An extensive literature documents the potential benefits of breast feeding for infant health. These benefits might extend to the long term. Breast feeding is associated with lower blood pressure and lower risk of type 2 diabetes and obesity, as well as with higher cognitive development measures. Alongside this, there is a strong socioeconomic pattern in breast feeding. In the UK in 2010, the incidence of breast feeding was 91% among babies whose mothers left full-time education when they were over 18, compared with 75% among those whose mothers left full-time education aged 17 or 18 and 63% among those whose mothers were 16 or under when they left full-time education.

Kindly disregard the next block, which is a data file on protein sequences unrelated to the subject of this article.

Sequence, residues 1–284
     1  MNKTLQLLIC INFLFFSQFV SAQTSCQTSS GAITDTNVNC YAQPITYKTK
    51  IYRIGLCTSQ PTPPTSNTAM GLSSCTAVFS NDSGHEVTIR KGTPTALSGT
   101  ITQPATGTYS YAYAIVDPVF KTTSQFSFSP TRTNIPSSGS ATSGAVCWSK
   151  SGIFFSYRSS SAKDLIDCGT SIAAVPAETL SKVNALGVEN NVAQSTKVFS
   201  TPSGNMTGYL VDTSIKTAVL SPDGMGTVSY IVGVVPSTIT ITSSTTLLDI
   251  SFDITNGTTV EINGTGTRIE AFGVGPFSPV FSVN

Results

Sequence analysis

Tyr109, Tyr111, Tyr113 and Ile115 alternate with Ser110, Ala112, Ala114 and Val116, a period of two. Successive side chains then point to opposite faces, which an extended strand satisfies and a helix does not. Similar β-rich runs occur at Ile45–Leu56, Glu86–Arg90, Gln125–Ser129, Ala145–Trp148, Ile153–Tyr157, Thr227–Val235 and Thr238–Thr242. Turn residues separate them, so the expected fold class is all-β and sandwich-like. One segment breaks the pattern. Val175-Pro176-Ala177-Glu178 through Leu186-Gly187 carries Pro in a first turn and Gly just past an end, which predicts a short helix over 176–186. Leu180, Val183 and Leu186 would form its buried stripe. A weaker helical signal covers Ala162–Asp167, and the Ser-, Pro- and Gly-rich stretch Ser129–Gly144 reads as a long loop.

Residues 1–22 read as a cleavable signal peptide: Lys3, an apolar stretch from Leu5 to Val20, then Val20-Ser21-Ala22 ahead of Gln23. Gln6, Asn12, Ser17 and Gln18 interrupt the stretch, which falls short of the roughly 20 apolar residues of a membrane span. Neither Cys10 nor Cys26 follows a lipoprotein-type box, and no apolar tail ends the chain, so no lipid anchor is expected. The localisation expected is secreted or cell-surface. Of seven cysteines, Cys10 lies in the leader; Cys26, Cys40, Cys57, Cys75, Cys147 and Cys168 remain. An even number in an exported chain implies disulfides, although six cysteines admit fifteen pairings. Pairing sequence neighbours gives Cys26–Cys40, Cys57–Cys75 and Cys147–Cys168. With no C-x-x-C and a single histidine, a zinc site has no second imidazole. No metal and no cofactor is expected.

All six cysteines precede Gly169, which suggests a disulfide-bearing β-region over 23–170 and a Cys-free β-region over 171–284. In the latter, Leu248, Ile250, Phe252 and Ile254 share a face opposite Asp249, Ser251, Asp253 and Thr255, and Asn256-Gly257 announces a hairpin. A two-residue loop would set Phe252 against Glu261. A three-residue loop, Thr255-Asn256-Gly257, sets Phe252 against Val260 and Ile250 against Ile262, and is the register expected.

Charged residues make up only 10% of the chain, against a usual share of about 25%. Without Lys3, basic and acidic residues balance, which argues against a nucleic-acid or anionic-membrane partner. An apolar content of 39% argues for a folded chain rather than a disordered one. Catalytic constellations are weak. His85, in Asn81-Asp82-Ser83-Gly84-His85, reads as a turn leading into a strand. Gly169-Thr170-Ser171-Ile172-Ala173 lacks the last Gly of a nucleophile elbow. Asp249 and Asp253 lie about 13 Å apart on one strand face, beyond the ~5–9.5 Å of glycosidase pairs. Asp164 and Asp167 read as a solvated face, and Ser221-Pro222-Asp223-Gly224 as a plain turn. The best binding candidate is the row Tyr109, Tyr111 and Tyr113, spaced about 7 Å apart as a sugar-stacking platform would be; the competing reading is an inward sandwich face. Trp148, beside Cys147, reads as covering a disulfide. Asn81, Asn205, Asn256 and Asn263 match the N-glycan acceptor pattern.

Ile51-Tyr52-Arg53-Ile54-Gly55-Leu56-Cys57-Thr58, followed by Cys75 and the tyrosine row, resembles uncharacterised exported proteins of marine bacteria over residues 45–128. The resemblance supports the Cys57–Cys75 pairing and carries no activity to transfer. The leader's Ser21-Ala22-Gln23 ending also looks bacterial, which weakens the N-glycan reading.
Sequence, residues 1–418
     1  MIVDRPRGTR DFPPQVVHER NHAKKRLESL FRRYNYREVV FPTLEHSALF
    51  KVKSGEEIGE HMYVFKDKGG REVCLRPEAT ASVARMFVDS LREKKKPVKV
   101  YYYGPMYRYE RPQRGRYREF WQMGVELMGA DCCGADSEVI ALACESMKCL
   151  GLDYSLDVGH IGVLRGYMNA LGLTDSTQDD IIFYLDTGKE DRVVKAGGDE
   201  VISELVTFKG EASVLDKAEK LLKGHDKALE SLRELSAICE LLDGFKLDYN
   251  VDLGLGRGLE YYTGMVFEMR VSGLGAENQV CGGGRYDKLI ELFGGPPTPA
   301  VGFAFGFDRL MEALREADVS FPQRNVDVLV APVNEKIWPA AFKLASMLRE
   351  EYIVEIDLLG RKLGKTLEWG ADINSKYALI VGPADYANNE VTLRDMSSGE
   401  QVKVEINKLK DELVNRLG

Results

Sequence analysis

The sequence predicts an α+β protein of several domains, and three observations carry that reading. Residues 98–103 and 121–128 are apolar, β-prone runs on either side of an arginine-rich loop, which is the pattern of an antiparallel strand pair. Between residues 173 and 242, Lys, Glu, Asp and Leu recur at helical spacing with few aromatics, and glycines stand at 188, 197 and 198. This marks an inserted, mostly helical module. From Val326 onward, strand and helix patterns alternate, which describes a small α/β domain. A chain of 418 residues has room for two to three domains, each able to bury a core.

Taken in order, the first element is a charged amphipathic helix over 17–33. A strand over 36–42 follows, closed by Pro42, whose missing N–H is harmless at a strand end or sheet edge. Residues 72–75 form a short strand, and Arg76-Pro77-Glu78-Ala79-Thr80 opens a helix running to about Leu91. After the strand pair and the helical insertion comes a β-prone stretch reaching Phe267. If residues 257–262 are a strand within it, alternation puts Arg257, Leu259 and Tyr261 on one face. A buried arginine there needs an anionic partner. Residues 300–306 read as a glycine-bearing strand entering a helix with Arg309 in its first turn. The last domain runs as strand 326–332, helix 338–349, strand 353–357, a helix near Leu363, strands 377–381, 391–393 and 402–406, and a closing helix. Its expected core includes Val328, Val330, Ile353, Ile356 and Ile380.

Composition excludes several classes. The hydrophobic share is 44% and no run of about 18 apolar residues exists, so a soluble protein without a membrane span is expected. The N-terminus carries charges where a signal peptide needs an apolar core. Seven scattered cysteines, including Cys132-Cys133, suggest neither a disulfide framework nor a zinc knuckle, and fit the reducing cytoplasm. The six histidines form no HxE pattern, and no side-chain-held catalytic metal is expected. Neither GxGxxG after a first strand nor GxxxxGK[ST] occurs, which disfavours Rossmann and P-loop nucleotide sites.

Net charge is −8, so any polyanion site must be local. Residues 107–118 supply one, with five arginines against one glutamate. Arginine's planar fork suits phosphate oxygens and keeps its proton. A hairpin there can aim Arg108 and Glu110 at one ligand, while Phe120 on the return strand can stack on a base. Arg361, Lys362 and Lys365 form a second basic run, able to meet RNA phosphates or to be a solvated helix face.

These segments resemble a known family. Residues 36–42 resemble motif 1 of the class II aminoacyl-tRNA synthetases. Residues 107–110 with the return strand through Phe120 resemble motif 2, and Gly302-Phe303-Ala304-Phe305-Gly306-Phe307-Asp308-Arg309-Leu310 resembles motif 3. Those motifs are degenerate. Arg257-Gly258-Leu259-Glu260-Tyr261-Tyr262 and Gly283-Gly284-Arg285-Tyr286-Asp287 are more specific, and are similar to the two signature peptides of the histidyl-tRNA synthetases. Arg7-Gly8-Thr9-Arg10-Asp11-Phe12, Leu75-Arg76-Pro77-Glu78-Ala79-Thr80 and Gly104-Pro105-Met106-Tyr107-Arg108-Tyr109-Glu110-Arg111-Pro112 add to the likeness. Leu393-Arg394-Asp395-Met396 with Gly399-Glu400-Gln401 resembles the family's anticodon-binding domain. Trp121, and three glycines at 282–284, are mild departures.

Weekend excess mortality is well documented for emergency admissions, including stroke, trauma, kidney and cardiovascular emergencies. Although such a ‘weekend effect’ might be due to differences in case mix between weekend and weekday admissions, most studies suspect it is due to the decreased availability of experienced healthcare professionals on weekends. Some mothers benefit from the support of hospital staff to initiate and successfully establish breast feeding. We conducted a retrospective study of breast feeding in the years 2005 and 2010, comparing breast feeding incidence rates by day of week of birth. We postulated that breast feeding may vary by day of week of birth, especially for the babies of the least educated mothers, who are less likely to have access to other sources of support and information not provided at hospital.